After more than a decade of law enforcement agencies systematically underreporting minority arrest figures, the city of San Francisco is now handcuffed and encumbered by a police department that has no accurate representation of actual incarceration numbers. All that can be assured is that blacks are jailed at a much higher rate than even the widely disproportionate levels now being classified as factual.
In routinely reporting the arrest rates of the city’s two largest minority groups, Latinos as whites and Asians as “others, "to the
Department of Justice since 1999, law enforcement have wildly skewed such statistics, thereby creating a system of distorted and unreliable information that, nonetheless, is used as a means of validating many of the department’s long criticized policies and practices.
For years, concerns over racial profiling have been raised by African-American and Latino neighborhood groups, sparking citywide hearings and proposed policy changes which have often fallen on deaf ears based on what now most all agree appears faulty data. As far back as a decade ago, the Police Commission ordered the department to begin tracking racial dynamics of all traffic stops, yet disciplinary records now reveal most officers still neglected to fill out and classify all related and appropriate forms whenever actual arrests were made.
“This is just extremely troubling,” said Francisco Ugarte, senior immigration attorney at the San Francisco Immigrant Legal and Education Network. “If San Francisco is effectively unable to categorize those in the city being arrested, that would undermine our ability to monitor police practices – particularly in San Francisco, with such a huge Latino population.”
All the clearly blatant discrepancies were uncovered by the nonpartisan, nonprofit Bay Citizen news organization during a routine study of data presented for the year ending June 2010. According to the San Francisco Chronicle, 9,151 “whites” were arrested that year, compared with 8,198 blacks, 325 Hispanics and 2,800 “others,” numbers that even the most ardent SPD defenders themselves now acknowledge as grossly inaccurate.
“We have certainly made more than 300 arrests in the Hispanic community,” said Deputy Chief Lyn Tomioka. “I look at that number as a police officer and I can tell that it is inaccurate.”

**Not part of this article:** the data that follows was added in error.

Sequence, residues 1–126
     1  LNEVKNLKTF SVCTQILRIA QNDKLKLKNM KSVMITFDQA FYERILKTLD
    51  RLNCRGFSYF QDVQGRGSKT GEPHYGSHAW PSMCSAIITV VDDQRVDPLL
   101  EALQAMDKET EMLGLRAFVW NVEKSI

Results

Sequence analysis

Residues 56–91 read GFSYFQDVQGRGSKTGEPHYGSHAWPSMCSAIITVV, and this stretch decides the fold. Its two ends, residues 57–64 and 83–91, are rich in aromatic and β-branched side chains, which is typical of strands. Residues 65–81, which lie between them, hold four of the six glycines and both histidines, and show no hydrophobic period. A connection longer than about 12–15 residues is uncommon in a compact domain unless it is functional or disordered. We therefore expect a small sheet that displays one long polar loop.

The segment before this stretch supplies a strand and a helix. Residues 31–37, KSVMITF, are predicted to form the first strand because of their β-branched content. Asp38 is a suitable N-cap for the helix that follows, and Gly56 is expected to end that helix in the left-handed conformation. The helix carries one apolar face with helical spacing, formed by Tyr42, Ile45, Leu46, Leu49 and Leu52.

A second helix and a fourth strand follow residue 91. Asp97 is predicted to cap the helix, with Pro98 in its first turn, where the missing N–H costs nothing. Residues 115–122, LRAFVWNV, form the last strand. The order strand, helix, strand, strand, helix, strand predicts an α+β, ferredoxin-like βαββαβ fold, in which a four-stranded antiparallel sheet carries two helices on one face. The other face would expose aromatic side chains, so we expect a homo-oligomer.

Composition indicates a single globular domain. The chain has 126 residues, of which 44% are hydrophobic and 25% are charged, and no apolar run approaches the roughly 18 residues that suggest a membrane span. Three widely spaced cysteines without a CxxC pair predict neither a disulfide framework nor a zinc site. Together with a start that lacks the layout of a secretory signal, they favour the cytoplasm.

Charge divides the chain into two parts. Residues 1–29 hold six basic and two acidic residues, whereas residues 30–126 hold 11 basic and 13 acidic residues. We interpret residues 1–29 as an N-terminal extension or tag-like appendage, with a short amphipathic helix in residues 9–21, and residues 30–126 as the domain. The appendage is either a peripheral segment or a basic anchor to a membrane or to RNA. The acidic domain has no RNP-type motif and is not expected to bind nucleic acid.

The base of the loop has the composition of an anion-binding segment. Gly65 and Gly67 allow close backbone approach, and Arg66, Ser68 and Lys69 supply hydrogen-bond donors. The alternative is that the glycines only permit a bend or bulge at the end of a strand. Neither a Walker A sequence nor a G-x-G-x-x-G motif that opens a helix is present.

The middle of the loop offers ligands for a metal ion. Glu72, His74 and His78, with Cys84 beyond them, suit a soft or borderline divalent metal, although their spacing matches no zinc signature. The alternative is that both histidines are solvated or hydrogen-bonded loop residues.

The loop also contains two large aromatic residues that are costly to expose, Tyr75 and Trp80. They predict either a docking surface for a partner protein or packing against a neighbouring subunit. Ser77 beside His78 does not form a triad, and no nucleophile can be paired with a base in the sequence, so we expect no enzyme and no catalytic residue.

Still, Tomioka and other top brass seem to take exception to most any other criticisms lodged against the department, despite what clearly seems to be a fundamental shortcoming on the part of their system of operations. “You're making it sound like officers choose to do this. It's what the system has available to the officers to put in,” she argued.
In essentially taking the same stance, Susan Griffin, chief technology officer for the department, was even more defensive in her positioning. “Not only can we not tell you if the numbers are right, we really can’t articulate what the problems are, or if there are problems,” she said.
Currently blacks make up only 6 percent of the total San Francisco population, yet account for roughly 40 percent of all of its arrests. Based on reported statistics, Latinos, who constitute 15 percent of the city’s population, account for 1.5 percent of all arrests. Though at 36 percent of the population and trailing only whites in size, arrest numbers reported for Asians seem to offer little justice relevant to their police-related treatment and interactions with officers.
Even though arresting officers are now entrusted with highlighting if an individual is Latino or Asian on all arrest reports, to a man most of them blame an antiquated computer system for most of their inaccuracies.
Installed some 40 years ago, the system still used today lists three categories for identifying arrestees by race: blacks, whites and other. Although the department could calculate the numbers manually, officers admittedly have been identifying Latinos as “white” and Asians as “other” in the system for years.
By law, the department is required to report crime and arrest statistics to the California Department of Justice each month. The state attorney general's office and the FBI then publish the data in many of their crime reports, including the annual “Crime in California” manual.
In addition, the statistics are routinely used in various studies on racial disparities and trends in arrest rates.
“Oh, my goodness; I had no idea,” Lorena Melgarejo, director of community organizing at the Central American Resource Center, said of all the misclassified information. “The police department says the community’s trust is very important to them. If they are underreporting numbers, they are basically making it impossible for us to understand what is really happening.”
At the request of Police Chief Greg Suhr, officials from the city’s controller’s office now insist they are reviewing all the unit’s technology issues, though the Chief also admits the department has no plans of correcting any old errors.
Nearly two years to the day, noted Queens College sociology professor Harry Levine co-authored a widely disseminated study on marijuana-related arrest in California in which he and other researchers unearthed patterns where blacks and other minorities were as much as 12 times more likely to be arrested for marijuana possessions as whites.
Even back then, Levine chose to exclude the San Francisco area because of what he termed “screwy” arrest rates. “Accurate data provides a way of seeing who it is that is being systematically given preference or systematically excluded,” he said. "In terms of making a fairer, more just, more equal world, it is good to know what powerful institutions are doing.”
Glenn Minnis is a NYC-based sports and culture writer. Follow him on Twitter at @glennnyc.